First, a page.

PC: He had four shows running simultaneously recently, you know.

JD: I know! Isn't that unbelievable?

PC: You could have three on Broadway if TOXIE comes in next season, though! You are truly a theatrical MVP at this point. Will TOXIE be the show you want to come in next, before CHASING THE DREAM?

JD: Yes. TOXIE is the show we would like to come in next - if it happens. I think at this point the producers are waiting on theatre availability - which is always tricky. So, right now, we are seeing what we are going to do, but it seems like it has a good shot at coming in next season.

PC: Would you like to see Constantine Maroulis continue with the show to Broadway? He is committed to the new JEKYLL & HYDE tour, as well, coming up, which could preclude his involvement.

JD: Well, I would love Constantine to do it, but, as far as I know, he will be on the road with JEKYLL, so we'll see what happens - you never know how these things will work out.

PC: I'd love to know a little bit more about one of your lesser-known shows - a play called F*CKING MEN? What can you tell me about it?

JD: F*CKING MEN is an all-male version - a modern adaptation - of LA RONDE. To be honest, I really wrote it as a writing exercise and thought, "Well, no one is ever going to produce this, so let me give it an unproducable title." And, subsequently, it's been produced three times, of course. [Laughs.]

PC: That's always the way that it goes, it seems.

JD: It happens - LA; Chicago. Hopefully, it will be produced Off-Off-Broadway next season, as well.

PC: Bill Wilmot directed it originally, correct?

JD: Yeah - he is a really good director and he did a great job in London of it.

PC: Is another musical revue of yours - ALL SHOOK UP; based on the music of Elvis - produced often regionally?

JD: All the time - it's done all the time! It's really popular and I'm so happy about that.

PC: Broadway success is not necessary for shows to be regional hits anymore - as SEUSSICAL proves every year. Community groups do a lot of the new shows now, it seems - it's a whole new age of community theatre.

JD: It really is a new age - a whole new age.

PC: I LOVE YOU, YOU'RE PERFECT, NOW CHANGE was one of the only contemporary scores in the 90s and it was a really special piece, I thought.

JD: Well, I think that, really, the only reason I LOVE YOU, YOU'RE PERFECT, NOW CHANGE worked so well was that, first, it was in the days when you could still do a show and be successful and make money Off-Broadway, and, also, we were a musical comedy - the rest of the shows were mostly those British dramatic musicals in those days; they really dominated the landscape.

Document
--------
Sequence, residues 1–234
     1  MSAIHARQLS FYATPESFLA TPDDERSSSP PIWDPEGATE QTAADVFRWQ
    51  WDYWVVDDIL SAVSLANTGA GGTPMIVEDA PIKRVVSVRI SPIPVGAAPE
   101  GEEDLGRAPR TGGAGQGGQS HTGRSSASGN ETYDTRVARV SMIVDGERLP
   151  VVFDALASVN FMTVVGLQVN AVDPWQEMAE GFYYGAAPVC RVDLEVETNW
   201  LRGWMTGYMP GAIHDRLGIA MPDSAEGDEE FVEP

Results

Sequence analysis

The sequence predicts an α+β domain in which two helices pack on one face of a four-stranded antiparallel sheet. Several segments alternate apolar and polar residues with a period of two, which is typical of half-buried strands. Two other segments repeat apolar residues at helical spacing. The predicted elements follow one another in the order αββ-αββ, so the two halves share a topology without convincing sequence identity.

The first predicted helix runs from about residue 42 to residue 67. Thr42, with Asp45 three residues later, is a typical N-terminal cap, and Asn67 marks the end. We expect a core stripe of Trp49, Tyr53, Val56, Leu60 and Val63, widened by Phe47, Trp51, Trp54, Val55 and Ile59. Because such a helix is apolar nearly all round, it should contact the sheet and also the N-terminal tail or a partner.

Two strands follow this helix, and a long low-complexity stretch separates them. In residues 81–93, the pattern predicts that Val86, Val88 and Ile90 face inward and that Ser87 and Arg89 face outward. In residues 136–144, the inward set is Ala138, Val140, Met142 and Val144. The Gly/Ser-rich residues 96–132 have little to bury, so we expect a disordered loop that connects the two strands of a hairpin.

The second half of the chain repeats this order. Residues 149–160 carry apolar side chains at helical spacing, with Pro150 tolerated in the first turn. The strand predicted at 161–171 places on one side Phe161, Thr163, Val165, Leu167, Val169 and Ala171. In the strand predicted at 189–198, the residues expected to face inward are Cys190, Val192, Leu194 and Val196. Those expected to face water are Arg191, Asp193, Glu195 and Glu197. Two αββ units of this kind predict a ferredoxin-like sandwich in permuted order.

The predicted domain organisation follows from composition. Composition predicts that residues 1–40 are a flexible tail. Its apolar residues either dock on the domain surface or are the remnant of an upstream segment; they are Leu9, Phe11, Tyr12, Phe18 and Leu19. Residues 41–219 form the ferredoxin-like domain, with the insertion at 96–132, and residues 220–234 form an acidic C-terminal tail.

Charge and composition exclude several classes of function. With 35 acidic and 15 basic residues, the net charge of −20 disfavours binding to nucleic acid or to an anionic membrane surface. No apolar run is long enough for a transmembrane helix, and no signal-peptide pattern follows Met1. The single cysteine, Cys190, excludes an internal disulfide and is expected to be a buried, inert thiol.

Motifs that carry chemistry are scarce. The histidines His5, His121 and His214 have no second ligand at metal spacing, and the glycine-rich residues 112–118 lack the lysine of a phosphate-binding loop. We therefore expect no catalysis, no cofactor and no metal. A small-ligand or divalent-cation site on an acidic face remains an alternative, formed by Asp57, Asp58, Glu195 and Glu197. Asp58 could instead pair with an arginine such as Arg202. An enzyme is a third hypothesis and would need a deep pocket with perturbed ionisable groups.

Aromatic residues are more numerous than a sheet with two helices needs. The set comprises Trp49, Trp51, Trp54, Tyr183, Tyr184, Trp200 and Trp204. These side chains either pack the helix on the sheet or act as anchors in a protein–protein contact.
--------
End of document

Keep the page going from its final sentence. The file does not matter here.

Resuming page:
PC: To say the least.

JD: I think that the people who went to our show laughed a lot and saw themselves in it and just had a good time, and, oddly enough, there weren't a lot of other shows like that at the time.

PC: It was anomalous.

JD: But, then, what happened was that a few years later, THE PRODUCERS came along and comedy was back to Broadway in a big way and that show was really the right show at the right time - as many big successes usually are.

PC: Is there any future for your recent adaptation of Rodgers & Hammerstein's innovative ALLEGRO?

JD: You know, when you write and adapt a show like that, you are really in the hands of the estate - in that case, the Rodgers & Hammerstein Estate - and, so, we had a great success with it and even won the Helen Hayes Award for Best Musical for the production, but I don't know about going further with it. You know, it just doesn't seem like anyone is crying out to produce it again, but it was a lovely show and a lovely Eric Schaeffer production that I was very proud of being involved with.

PC: What is on your iPod right now?

JD: What am I listening to right now? I think my favorite song right now is "F*ck You" by Cee-Lo.

PC: An especially superb Bruno Mars collaboration! Bruno is an amazing songwriter.

JD: Oh, I love Bruno Mars - I actually have his whole album, too; DOO-WOPS AND HOOLIGANS. I love "F*ck You", too, though - Cee-Lo is so cool.

PC: Both would write an awesome musical someday.

JD: Yeah, they really would - Bruno's DOO-WOP album is so good.

PC: So, will you be attending the Tony Awards?

JD: Oh, yes, of course - I can't wait. I already have my suit ready! [Laughs.]

PC: NICE WORK would translate well overseas, I think, don't you? Is that the next step for the show after the Tony Awards?

JD: Yes, I agree - and, of course, one of our producers is Sonia Friedman, who is a really big British producer, so the possibility is definitely open for that to happen and I hope we explore that possibility after the Tony Awards.

PC: And you would be open to the possibility of a NICE WORK film, as well, down the line?

JD: Oh, absolutely! I am definitely open to everything like that! [Laughs.]

PC: Will MEMPHIS be going to the West End soon, too?

JD: Yes, I believe so. The producers were just there this week and I was told that now they are just waiting for the right theatre. So, I would imagine in about a year it will be over there.

PC: Thank you so much for this comprehensive conversation today, Joe! We all can't wait to see what you do next and all my best luck to you at the Tony Awards with NICE WORK.

JD: Thank you so much, Pat - this was so, so great. I really appreciate it. Have a great night. Bye.